- A tank-mount jet sparger for 15 to 300 psig steam pressure. The jet sparger will heat water on-demand while the tank is filling. The volume of water level above the jet sparger is an important design consideration.
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Either approach provides a simple, reliable and cost-effective means of localized, manual hot water tank supply.
Intermittent or Batch Hot Water Supply Tank. In these applications, a hot water tank is required to be maintained at the hot water setpoint temperature. Typical uses can include:
- A paper mill tissue machine and hydropulper supply, where hot water needs to be added to the recycled paper for improved fiber/water mixing to support hydropulper function.
- Slurry heating applications with solids. Filter-cake presses dewater the solids, and hot water is required to clean the filter presses.
- Plants with multiple plant sanitation users for washdown. Multiple users can create temperature control issues for an inline heater. A surge tank can be added to allow the heater to maintain a constant hot water supply at the target temperature, regardless of the number of downstream users or a rapid variation of water flow demand.
- Vegetable can-topping with hot water in food processing. This is a good example of small-batch delivery of hot water.
When selecting a heater for intermittent hot water heating, there are keep several points in mind.
- An inline heater can be used directly to supply short-run batches of hot water. A more practical approach, however, might be a hot water surge tank with a recirculation heater on the tank. This ensures that a constant hot water supply can be maintained for all downstream users.
- In intermittent hot water heating applications, the hot water run time typically can range from 2 to 30 minutes.
- The temperature control loop should be designed to ramp up to the target setpoint, and the control logic should be designed to monitor temperatures and avoid overheating.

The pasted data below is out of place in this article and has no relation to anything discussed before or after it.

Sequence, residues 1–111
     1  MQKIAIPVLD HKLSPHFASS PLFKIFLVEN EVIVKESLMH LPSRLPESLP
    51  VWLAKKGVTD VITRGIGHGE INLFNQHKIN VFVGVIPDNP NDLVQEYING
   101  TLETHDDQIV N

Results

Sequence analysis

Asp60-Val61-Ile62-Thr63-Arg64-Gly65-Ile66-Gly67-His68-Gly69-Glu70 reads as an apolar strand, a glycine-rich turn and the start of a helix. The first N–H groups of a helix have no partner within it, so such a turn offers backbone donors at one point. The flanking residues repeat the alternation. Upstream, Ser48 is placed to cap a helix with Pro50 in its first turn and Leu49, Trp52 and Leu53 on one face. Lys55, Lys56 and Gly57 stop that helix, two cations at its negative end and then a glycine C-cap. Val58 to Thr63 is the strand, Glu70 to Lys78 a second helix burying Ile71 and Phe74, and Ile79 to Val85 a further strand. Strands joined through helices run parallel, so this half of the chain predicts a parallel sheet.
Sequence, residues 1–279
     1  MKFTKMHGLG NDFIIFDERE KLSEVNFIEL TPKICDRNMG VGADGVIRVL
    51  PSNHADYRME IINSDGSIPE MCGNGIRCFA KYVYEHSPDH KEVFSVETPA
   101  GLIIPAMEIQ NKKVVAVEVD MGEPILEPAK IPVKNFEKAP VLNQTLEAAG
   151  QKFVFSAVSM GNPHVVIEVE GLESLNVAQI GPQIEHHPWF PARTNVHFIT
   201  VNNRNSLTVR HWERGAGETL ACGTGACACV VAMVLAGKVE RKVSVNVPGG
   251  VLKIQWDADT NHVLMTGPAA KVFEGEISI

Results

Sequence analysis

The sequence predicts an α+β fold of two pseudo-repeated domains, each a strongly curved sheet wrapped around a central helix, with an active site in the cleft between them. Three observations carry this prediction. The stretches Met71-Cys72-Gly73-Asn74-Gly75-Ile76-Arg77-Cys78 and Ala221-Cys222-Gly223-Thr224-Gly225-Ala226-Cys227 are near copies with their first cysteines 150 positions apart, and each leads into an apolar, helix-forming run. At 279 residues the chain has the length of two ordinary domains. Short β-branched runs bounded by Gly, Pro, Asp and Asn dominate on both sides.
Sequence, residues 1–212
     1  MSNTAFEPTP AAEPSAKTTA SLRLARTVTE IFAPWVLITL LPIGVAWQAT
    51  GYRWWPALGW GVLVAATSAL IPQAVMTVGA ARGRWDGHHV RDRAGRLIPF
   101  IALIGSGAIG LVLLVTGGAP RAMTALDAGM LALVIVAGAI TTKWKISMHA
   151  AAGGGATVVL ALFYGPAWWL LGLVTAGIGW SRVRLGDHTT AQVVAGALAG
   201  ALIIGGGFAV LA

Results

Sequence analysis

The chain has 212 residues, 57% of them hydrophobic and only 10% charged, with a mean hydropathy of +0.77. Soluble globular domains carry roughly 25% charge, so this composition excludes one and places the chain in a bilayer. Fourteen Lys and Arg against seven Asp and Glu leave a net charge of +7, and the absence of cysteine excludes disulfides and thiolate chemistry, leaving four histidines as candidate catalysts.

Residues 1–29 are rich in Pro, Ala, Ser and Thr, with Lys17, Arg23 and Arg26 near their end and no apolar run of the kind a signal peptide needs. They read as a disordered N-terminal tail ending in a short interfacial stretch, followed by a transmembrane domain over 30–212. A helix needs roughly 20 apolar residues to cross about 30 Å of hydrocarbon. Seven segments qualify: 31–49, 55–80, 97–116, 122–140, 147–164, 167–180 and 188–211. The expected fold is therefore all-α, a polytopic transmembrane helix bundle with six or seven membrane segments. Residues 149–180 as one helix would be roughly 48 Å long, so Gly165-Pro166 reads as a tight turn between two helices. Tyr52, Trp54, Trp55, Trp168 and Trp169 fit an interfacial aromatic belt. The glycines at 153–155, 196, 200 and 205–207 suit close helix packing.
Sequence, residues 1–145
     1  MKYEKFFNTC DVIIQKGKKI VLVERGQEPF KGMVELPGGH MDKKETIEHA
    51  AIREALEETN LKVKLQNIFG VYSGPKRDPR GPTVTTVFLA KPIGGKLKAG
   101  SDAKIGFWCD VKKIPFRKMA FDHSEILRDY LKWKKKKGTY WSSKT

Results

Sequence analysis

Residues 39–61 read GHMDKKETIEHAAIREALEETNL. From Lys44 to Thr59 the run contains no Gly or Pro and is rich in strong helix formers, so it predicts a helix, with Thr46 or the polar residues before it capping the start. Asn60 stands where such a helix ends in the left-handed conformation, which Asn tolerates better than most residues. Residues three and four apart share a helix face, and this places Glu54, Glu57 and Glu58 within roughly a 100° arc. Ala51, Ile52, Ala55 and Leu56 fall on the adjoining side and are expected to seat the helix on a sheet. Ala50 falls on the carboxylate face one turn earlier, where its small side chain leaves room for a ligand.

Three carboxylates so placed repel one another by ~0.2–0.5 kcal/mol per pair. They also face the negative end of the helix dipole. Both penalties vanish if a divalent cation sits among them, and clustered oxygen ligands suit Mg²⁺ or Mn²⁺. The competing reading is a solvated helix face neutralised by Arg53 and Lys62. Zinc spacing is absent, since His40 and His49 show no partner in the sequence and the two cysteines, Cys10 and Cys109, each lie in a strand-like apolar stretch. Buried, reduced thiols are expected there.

- Adding a surge tank can improve the target temperature setpoint control by using an inline heater to maintain stable tank temperatures.
Heating Jacketed Reactors or Jacketed Kettles
In jacketed reactors, the jackets or coils provide heating to the vessel contents or allow heat to allow cooling for heat removal during exothermic reactions. The jackets also provide the heat required to produce desired endothermic reactions.
In food processing, jacketed kettles are used to heat and cook soups and sauces, which are scorch sensitive. Introducing hot water to the heating jacket can reduce hot spots, improve temperature control and provide fast changeover from heating to cooling mode.
In these heating vessels, the fluid ingredient mix is ramped up to the desired temperature and then held at that temperature for a period to complete the chemical reaction or desired cook. A line steam injection heater is a good choice.
When sizing these systems, keep these points in mind:
- Identify the time required to heat the vessel to warm the structure and avoid thermal shock.
- To determine the heat load required for the heater, determine the starting fluid temperature, the volume of fluid to be heated and the setpoint temperature.
- Identify the water flow rate to determine the heater liquid-connection size.
- Establish a cascade heating control cycle (ramp up the heating, hold, then ramp down).
Jacketed reactors are common in the petrochemical, chemical and bio-pharm industries.
Multi-User Hot Water System
Good examples of multi-user hot water systems can be found in food, beverage, vegetable or meat processing plants. Water heating for plant sanitation or other processes requires a hot water supply system that can support multiple users with changing demands. Daytime use might be a small heat-load requirement while nighttime cleaning requires high flow water temperatures typically at 140°F (60°C), for instance. Multiple plant sanitation hot water users can be washdown hose stations, the CIP hot water system and spray balls for clean-out-of-place (COP) hot water cleaning (figure 3).
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When sizing a system for a multi-user hot water heating application, keep these considerations in mind:
- What are the normal daytime process operation heating needs?
- What are the plant sanitation hot water flow and temperature needs by shift? How many users are on each shift?